Most of the time, I can do odd chores with the TV on in the background as I've seen so many titles that I only turn my head when there is a particular scene going on. One can't do that with a silent film, which is why I find them best for me in the overnight hours - when I'm trying to be quieter for the downstairs neighbors anyway.

 

But heck, it's only one day and Chaney deserves a day. I'm just surprised that they didn't pick August 26 as it's the anniversary of his death. And I would not have had to worry about the inspectors.

Link to post
Share on other sites

Cobolt,

 

You don't make any effort to understand Silent film, and thus have no right whatsoever to berate it. I have over a 1,000 Silent featrures in my collection, plus no idea how many shorts. And yet I am far from content. The more that you see, the more that you want to see. There are so many Silents that are completely inaccessible. And over 73% of all silent films are lost forever. Forgive me if I get angry at someone like you who wants to further repress a great art form. All my favorite movies are Silent Films. I offer no apologies for this, that's just the way it is. Alfred Hitchcock was asked to name his 10 favorite movies, and 8 of them were Silents. That alone should tell you that the medium was impact-full, profound, worthy of serious study and your respect.

Link to post
Share on other sites

These "inspectors" -- who are they? What do they do? I have a co-op and am not familiar with them. Sounds very strange, like something out of the X-Files.

 

I enjoyed the Chaney day. But I was looking forward to London After Midnight and didn't realize that it would be all stills. I'm glad they did that, I just wasn't prepared.

 

Link to post
Share on other sites

These "inspectors" -- who are they? What do they do? I have a co-op and am not familiar with them. Sounds very strange, like something out of the X-Files.

 

They come to make sure that you don't have a washing machine - not allowed to have one. They also check to make sure that you don't have any air conditioners that you aren't already paying a premium for each month.

 

They also check the smoke alarm and gas detectors and to make sure that you have carpeting in all rooms except the kitchen and bathroom.

Link to post
Share on other sites

Leave it to you to bring up a subject just to put me down when my entire reason I subscribe to TCM is for silent movies. I dont dislike all 30's movies. But a large majority were low budget product. I dont appreciate being misquoted & I dont stoop that low because if I did I'd be removed. Show some courtesy if not respect.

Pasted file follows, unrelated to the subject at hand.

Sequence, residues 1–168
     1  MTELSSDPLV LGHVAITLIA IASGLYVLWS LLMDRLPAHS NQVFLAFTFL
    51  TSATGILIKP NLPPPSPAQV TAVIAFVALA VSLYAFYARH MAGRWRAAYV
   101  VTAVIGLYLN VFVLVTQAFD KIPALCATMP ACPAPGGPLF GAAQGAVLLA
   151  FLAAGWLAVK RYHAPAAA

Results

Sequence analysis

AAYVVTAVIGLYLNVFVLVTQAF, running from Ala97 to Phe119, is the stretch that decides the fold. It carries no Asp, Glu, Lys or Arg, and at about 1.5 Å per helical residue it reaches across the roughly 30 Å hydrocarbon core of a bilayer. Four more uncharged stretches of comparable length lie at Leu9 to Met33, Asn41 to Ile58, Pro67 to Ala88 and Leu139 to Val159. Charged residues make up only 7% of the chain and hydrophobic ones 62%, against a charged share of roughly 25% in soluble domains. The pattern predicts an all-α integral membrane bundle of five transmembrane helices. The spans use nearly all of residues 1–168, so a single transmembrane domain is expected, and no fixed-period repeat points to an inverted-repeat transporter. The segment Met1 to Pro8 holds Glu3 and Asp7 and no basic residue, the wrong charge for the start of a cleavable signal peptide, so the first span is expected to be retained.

Link to post
Share on other sites

Can some one please help me? I attempted to DVR the 24hr Chaney marathon. MOCKERY got messed up due to the weather, I subscribe to the DISH NETWORK. However, by the time HUNCHBACK was shown, the weather was clear. Yet, the last few seconds of HUNCHBACK as well as the credits were loped off of the DVR recording and tagged onto the begining of PHANTOM. Unlike the other films, there wasn't that much of a break between HUNCHBACK and PHANTOM. Is there a way around this? I guess one loss due to the weather and another due to whatever is pretty good considering that I got all the others, but it is annoying nonetheless.

Link to post
Share on other sites

I wasn't paying much attention, with the sound down, but I did notice a quick transition from one film to the next. I think one ran overtime a little.

 

Can't you set your recorder to record 24 hours straight, with no stops, and not set it to start and stop with each movie?

Link to post
Share on other sites

Yeah, those clipped ends are annoying. Your DVR may or may not let you record 24 hours straight, but there are similar alternatives. You can program in blocks of time, ending at the end of a film that is somewhat shorter than its time slot, so it shouldn't run over.

 

Sometimes the "extend recording" feature can help. Say you want to record two films, and the first is almost as long as its time slot, and the second is sufficiently smaller than its time slot, and its time slot is 1.5, or 2 hours. Then, program for the first film, starting a few minutes early, and extend that recording 1.5 or 2 hours, to include the second recording, with no division between them.

Link to post
Share on other sites

First of all *Cobolt* if you don't like silent films...Don't Watch Them! Contrary to what you may think you are not TCM. You are one viewer and do not represent all the many other viewers of the channel.

 

Many of us love silents and highly appreciate a day of Lon Chaney films.

 

 

Anyways enough of that!

 

I got a DVR recently because I am actually working (albeit only a temporary job). Pretty much all of Lon Chaney's day is stored on my DVR (with a bunch of other SUTS films). When I will find the time to watch it all I have no idea.

 

I did attempt to watch the Hunchback of Notre Dame at 8. Unfortunately my cat had other ideas and wanted me to pay attention to him and not the movie. I now know that even if I am home if I really want to see something I should record that too. At least I have most of Lon's other movies to watch.

 

I did see random parts of Hunchback. I was impressed by the little I saw of Lon's performance (but then I was already in awe of him from watching Phantom).

 

However the scene in Hunchback that stood out the most to me was when they were about to torture Esmeralda to get her to confess. That scene was intense.

Link to post
Share on other sites

Archived

This topic is now archived and is closed to further replies.

© 2020 Turner Classic Movies Inc. A Time Warner Company. All Rights Reserved Terms of Use | Privacy Policy | Cookie Settings
×
×
  • Create New...